Lecture 4 notes - Firms and Production: Lecture Review In...

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BE 530 Page 1 of 3 Lecture 4 Firms and Production: Lecture Review In the last two lectures, we have focused on the demand and supply models. Now we turn to the supply side and examine the behavior of producers. We will see how firms can produce efficiently and how their costs of production change with changes in both input prices and the level of output. In this lecture and the next we discuss the theory of the firm, which describes how a firm makes cost – minimizing production decisions and how the firm’s resulting cost varies with its output. Our knowledge of production and cost will help us understand the characteristics of market supply. INPORTANT CONCEPTS Production Function A production function represents how inputs are transformed into outputs by a firm. In particular, a production function describes the maximum output that a firm can produce for each specified combination of inputs. In the short run, one or more factors of production cannot be changed, so a short-run production function tells us the maximum output that can be produced with different amounts of the variable inputs, holding fixed inputs constant. In the long-run production function, all inputs are variable. Marginal Product of Labor (MPL) In general the marginal product is the additional output produced as an input is increased by one unit. The marginal product of labor is the change in total output, q, resulting from using an extra unit of labor, l, holding other factors constant. The marginal product of labor is likely to increase initially because when there are more workers, each is able to specialize on an aspect of the production process in which he or she is particularly skilled. For example, think of the typical fast food restaurant. If there is only one worker, he will need to prepare the burgers, fries, and sodas, as well as take the orders. Only so many customers can be served in an hour. With two or three workers, each is able to specialize, and the marginal product (number of customers served per hour) is likely to increase as we move from one to two to three workers. Eventually, there will be enough workers and there will be no more gains from specialization. At this point, the marginal product will begin to diminish. The marginal product of labor will eventually diminish because there will be at least one fixed factor of production, such as capital. As more and more labor is used along with a fixed amount of capital, there is less and less capital for each worker to use, and the productivity of additional workers necessarily declines. Think for example of an office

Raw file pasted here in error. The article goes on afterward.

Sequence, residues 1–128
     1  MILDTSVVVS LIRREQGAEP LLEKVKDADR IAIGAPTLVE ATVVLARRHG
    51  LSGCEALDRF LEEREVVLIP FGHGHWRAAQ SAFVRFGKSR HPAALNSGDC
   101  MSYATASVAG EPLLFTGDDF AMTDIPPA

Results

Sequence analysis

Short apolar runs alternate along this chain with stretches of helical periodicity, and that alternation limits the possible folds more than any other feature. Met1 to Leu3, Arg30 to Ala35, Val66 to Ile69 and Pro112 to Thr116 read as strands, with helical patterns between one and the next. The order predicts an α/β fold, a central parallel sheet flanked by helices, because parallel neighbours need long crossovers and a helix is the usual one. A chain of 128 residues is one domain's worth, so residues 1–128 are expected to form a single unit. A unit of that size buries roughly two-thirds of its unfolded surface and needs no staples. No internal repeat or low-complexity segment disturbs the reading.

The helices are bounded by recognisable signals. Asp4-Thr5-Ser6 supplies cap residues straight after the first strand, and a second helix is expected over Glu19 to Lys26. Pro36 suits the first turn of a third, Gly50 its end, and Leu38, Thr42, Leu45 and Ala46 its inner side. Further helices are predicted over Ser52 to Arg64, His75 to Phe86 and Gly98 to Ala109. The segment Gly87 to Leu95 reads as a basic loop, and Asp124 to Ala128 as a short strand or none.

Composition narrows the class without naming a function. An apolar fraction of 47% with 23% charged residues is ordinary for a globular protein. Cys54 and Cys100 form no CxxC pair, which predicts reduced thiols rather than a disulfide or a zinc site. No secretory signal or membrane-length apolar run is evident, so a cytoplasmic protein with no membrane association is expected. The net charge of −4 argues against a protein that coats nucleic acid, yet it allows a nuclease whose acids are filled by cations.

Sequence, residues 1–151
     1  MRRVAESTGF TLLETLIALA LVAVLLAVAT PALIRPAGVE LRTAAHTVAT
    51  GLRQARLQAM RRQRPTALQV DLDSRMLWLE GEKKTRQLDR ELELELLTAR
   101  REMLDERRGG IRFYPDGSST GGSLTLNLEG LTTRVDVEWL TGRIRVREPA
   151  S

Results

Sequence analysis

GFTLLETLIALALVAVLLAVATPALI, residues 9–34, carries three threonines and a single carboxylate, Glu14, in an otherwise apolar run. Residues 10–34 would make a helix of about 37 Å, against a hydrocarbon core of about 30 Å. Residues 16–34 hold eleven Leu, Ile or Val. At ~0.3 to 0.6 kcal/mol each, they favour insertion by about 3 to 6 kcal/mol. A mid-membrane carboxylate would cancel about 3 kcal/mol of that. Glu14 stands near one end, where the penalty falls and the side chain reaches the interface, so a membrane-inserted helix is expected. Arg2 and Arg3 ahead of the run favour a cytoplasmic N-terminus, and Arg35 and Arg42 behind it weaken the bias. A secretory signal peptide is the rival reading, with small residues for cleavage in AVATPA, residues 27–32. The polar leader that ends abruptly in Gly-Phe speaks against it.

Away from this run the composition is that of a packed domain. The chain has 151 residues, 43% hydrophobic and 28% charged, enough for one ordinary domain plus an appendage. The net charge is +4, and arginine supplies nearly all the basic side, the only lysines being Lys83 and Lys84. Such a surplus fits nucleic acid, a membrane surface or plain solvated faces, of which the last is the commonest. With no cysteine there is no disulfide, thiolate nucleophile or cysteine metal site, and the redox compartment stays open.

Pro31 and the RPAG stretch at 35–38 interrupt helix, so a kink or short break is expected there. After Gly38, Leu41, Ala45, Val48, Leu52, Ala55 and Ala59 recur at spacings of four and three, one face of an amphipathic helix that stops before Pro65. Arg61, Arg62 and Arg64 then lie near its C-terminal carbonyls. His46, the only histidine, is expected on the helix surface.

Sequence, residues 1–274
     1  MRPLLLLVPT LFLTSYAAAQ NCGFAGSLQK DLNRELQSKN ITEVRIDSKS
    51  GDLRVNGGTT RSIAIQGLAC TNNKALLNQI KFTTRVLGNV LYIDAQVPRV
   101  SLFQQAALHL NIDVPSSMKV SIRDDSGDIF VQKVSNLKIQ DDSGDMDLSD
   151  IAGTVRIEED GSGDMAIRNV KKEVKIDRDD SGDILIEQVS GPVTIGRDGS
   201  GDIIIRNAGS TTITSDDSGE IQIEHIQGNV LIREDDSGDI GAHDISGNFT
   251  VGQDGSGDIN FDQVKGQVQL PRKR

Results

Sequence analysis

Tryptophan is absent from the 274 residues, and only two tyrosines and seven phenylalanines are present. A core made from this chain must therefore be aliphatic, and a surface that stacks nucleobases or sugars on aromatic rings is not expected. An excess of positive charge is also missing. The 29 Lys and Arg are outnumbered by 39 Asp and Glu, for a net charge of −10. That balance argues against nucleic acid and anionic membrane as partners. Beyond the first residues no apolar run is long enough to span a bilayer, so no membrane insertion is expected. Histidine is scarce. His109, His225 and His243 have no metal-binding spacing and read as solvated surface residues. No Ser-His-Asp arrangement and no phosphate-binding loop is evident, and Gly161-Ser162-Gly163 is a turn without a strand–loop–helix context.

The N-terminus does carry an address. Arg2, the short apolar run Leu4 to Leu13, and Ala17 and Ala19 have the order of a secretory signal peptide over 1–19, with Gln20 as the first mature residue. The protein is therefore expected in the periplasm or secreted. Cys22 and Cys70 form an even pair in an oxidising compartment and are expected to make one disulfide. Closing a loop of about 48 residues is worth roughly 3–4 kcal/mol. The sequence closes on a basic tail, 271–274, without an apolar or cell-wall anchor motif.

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Lecture 4 notes - Firms and Production: Lecture Review In...

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